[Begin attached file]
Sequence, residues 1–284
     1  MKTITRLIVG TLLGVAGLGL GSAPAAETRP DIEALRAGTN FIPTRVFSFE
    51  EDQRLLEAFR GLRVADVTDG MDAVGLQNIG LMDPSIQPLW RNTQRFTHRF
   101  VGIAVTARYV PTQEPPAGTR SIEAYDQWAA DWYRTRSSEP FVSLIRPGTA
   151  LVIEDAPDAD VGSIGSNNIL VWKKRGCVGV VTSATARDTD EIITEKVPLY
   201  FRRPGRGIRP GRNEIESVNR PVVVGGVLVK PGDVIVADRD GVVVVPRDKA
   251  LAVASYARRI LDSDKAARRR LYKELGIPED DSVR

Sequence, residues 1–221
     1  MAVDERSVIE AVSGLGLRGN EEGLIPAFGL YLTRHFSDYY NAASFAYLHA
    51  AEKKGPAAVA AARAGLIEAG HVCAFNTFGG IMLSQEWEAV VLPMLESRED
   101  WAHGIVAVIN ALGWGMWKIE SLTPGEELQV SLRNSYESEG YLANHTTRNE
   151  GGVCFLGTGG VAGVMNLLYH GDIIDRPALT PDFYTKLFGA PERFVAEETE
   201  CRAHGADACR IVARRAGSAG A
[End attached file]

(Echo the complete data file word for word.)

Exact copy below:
Sequence, residues 1–284
     1  MKTITRLIVG TLLGVAGLGL GSAPAAETRP DIEALRAGTN FIPTRVFSFE
    51  EDQRLLEAFR GLRVADVTDG MDAVGLQNIG LMDPSIQPLW RNTQRFTHRF
   101  VGIAVTARYV PTQEPPAGTR SIEAYDQWAA DWYRTRSSEP FVSLIRPGTA
   151  LVIEDAPDAD VGSIGSNNIL VWKKRGCVGV VTSATARDTD EIITEKVPLY
   201  FRRPGRGIRP GRNEIESVNR PVVVGGVLVK PGDVIVADRD GVVVVPRDKA
   251  LAVASYARRI LDSDKAARRR LYKELGIPED DSVR

Sequence, residues 1–221
     1  MAVDERSVIE AVSGLGLRGN EEGLIPAFGL YLTRHFSDYY NAASFAYLHA
    51  AEKKGPAAVA AARAGLIEAG HVCAFNTFGG IMLSQEWEAV VLPMLESRED
   101  WAHGIVAVIN ALGWGMWKIE SLTPGEELQV SLRNSYESEG YLANHTTRNE
   151  GGVCFLGTGG VAGVMNLLYH GDIIDRPALT PDFYTKLFGA PERFVAEETE
   201  CRAHGADACR IVARRAGSAG A